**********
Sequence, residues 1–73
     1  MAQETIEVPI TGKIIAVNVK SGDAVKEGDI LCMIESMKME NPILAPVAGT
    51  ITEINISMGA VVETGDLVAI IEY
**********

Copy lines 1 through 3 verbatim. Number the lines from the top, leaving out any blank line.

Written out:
Sequence, residues 1–73
     1  MAQETIEVPI TGKIIAVNVK SGDAVKEGDI LCMIESMKME NPILAPVAGT
    51  ITEINISMGA VVETGDLVAI IEY